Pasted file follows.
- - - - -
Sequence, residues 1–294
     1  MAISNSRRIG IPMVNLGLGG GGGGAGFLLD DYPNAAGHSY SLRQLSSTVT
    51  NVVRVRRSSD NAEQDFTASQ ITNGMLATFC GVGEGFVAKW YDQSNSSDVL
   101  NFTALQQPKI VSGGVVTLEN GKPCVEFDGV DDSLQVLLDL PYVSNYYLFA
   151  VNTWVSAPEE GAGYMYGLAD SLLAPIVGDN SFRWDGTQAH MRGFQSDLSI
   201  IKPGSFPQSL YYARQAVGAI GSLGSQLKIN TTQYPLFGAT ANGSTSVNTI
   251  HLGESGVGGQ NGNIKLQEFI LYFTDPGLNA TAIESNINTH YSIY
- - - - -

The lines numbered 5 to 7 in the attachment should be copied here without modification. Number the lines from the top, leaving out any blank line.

   151  VNTWVSAPEE GAGYMYGLAD SLLAPIVGDN SFRWDGTQAH MRGFQSDLSI
   201  IKPGSFPQSL YYARQAVGAI GSLGSQLKIN TTQYPLFGAT ANGSTSVNTI
   251  HLGESGVGGQ NGNIKLQEFI LYFTDPGLNA TAIESNINTH YSIY